Vitamin E Vitamin E


Mixing Energy Drinks With Alcohol Could Be a Risky Combination

Energy drinks are back in the news again, this time with a warning that mixing them with alcohol can have dangerous effects, including keeping you so wide awake that you tend to drink even more, reports. Mixing the drinks with alcohol is also linked to increased risk of falls, fights and accidents.

Energy drinks, marketed as a fast and easy way to get unparalleled energy, have been scrutinized for years, with probes looking into whether drink makers are overstating benefits from certain healthful-sounding ingredients while downplaying the role of caffeine.

Since consuming large quantities of caffeine in energy drinks can have serious health consequences, including caffeine toxicity, stroke, anxiety, arrhythmia and in some cases death, it stands to reason that mixing them with alcohol is a recipe for disaster.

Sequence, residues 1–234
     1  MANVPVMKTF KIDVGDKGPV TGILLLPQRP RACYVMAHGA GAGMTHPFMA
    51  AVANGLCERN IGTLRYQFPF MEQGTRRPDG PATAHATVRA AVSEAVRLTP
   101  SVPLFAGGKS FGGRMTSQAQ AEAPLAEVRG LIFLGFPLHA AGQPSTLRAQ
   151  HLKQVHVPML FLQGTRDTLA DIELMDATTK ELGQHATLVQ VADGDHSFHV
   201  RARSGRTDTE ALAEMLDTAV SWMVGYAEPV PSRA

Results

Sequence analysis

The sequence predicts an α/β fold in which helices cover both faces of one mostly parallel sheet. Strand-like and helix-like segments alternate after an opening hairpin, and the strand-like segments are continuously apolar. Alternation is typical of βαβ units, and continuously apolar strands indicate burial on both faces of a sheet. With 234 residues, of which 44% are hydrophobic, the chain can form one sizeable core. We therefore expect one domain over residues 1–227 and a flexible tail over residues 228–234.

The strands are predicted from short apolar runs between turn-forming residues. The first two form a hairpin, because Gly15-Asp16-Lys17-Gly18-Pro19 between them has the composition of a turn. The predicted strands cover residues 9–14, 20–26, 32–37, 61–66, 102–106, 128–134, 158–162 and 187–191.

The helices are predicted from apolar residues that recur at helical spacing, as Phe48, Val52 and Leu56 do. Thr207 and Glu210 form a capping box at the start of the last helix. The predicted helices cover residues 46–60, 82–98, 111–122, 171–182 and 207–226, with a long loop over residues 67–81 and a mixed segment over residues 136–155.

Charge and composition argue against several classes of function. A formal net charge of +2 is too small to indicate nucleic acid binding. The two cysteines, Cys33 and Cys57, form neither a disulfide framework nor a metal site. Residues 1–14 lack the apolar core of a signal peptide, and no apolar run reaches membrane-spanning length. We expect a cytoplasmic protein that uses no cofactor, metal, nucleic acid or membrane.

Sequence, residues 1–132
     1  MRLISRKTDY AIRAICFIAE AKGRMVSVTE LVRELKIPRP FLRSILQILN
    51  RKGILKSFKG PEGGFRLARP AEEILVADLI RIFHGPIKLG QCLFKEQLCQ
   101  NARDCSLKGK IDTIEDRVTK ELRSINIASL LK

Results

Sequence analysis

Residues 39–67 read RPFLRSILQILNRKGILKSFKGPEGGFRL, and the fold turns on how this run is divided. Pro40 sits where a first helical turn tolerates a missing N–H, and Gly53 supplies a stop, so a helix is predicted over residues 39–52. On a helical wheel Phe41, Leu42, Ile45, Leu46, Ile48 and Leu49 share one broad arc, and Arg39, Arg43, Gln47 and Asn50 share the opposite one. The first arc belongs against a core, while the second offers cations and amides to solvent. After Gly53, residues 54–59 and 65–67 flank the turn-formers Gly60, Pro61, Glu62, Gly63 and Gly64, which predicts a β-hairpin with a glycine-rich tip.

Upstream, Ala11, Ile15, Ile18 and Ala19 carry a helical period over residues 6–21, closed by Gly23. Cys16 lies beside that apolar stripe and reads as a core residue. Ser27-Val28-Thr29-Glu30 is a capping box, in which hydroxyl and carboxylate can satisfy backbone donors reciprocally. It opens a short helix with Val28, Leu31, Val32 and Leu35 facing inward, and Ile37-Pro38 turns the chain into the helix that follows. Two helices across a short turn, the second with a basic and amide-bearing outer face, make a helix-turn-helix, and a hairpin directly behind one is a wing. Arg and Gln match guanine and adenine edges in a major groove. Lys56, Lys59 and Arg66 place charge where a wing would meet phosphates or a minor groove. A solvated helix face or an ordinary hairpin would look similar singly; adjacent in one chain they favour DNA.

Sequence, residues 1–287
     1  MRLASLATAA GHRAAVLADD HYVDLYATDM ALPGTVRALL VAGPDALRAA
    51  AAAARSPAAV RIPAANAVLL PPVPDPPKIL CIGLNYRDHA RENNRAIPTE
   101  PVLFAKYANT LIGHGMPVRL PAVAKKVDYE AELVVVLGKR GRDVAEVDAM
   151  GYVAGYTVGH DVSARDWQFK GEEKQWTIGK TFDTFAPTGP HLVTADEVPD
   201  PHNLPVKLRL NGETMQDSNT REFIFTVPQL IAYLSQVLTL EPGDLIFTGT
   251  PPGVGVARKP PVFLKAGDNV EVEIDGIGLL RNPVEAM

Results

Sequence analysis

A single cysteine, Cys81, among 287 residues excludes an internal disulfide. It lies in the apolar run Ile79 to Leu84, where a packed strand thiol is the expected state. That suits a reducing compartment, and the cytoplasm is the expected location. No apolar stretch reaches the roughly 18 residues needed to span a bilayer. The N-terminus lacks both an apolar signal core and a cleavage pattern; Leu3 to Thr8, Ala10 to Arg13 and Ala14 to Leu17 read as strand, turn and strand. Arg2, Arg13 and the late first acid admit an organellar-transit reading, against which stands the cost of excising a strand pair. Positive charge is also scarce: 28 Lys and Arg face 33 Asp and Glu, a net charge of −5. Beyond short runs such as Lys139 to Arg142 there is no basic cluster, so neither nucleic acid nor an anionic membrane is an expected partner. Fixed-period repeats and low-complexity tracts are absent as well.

If you’re looking for a natural way to boost your energy, one of my first recommendations is to get a good night’s sleep — and to do this you need to forego sugary, caffeinated drinks that you use to keep you awake and alert.

If you’re chronically fatigued, make sure that you’re getting adequate amounts of ubiquinol (the reduced form of CoQ10 — one of the strongest lipid-soluble antioxidants known that is produced within your own body), D-ribose (a core building block of ATP) and glutathione (one of your body's most important antioxidants and a natural detox agent). You can raise your glutathione levels with high quality whey protein made from organically-raised raw milk, without added sweeteners.

Other foods that can help boost glutathione include cruciferous vegetables, animal foods (eggs, dairy and organ meats), certain herbs and Brazil nuts and sunflower seeds.
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